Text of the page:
- A collection of “PackageReference” elements. These items are NuGet packages that should be installed and referenced by our project. The packages.config file is no longer needed.
- A collection of “DotNetCliToolReference” elements. These items enhance the dotnet command-line tool to give it features necessary to build and manage this project. In the sample above, it enables the Entity Framework tools and the User Secret manager.
New DotNet New Templates
The dotnet command-line tool has new templates for the creation of new .NET Core projects. When you run “dotnet new” now, you will see a selection of templates that you can choose from: This now makes it very easy to understand the project templates that are available, and the languages that are supported for each. Additionally, it is very easy to create your own templates or download other templates to use. Instructions for building your own templates are on the project templates wiki. An in-depth walk-through of the dotnet new experience can be found on the .NET Blog.
Debug Your Applications with Google Chrome
Container Tooling Updates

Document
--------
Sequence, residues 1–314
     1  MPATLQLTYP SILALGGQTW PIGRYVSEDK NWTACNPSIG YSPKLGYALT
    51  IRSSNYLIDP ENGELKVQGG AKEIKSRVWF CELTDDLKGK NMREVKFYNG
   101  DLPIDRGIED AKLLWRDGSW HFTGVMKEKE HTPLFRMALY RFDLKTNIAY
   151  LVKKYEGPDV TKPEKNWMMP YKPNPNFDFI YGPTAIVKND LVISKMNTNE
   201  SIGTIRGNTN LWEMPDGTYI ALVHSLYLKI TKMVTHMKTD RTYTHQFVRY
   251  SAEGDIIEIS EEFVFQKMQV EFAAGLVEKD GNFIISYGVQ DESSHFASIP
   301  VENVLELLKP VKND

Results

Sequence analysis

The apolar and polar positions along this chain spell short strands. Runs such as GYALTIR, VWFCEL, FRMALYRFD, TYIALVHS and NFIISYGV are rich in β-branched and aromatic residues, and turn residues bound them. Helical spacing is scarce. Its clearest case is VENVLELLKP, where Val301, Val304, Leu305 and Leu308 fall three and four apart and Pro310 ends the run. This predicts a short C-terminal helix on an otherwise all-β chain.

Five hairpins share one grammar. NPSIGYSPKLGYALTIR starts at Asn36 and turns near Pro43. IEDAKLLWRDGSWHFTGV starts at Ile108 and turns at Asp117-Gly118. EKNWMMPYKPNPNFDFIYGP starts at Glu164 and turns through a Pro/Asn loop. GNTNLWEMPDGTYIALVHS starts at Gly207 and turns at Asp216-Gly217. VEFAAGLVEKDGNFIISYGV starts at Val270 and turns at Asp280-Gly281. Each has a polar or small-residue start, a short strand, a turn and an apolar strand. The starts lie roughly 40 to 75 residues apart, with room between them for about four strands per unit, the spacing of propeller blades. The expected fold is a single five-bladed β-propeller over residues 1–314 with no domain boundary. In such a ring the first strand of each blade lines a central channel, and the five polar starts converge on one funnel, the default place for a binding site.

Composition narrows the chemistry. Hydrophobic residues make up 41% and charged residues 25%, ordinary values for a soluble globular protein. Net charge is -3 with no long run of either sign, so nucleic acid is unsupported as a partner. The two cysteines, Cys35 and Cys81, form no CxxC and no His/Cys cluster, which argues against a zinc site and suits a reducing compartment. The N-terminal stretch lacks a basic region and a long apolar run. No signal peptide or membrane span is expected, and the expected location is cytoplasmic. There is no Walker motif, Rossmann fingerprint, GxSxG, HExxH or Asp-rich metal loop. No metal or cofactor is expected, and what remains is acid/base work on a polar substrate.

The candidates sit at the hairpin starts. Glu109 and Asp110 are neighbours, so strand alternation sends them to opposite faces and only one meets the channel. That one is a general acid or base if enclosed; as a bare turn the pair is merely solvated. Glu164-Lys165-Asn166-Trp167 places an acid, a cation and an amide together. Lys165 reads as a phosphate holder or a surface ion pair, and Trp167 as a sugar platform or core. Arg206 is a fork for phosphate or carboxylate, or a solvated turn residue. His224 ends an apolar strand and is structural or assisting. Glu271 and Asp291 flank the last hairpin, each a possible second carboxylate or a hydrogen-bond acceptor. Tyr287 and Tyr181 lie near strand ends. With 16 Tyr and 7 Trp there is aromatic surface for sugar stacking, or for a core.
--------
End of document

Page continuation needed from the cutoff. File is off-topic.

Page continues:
Containers are now easier than ever to use with your projects in Visual Studio 2017. For your ASP.NET Core projects, you can choose to add Docker container support at project creation time, and you can also add Docker support to your existing projects by right-clicking on the project in the Solution Explorer and choosing the Add – Docker Support menu option. To make it easier to work with single and multiple projects, we moved the docker-compose configuration to a separate project in your solution explorer. If you want to debug your project inside of the container, set the docker-compose project as the startup project. You can still set your project as the startup project and debug on your local machine without effecting any containers. Since we are using a standard docker-compose file, you are free to add other containers into the mix that should be launched when you debug your solution. Add your favorite database, load-balancer, or other service images into your docker-compose to allow you to work with those resources while you debug your ASP.NET application. Those additional containers may be written in other languages, but you can still instance them during your debugging session. When compiling your code, you can now build your solution directly in a Docker container, representing how your build system can compile your code. Running the following code will volume mount your solution, execute “dotnet restore” and “dotnet publish” in the container, generating the compiled output to place in your optimized Docker images.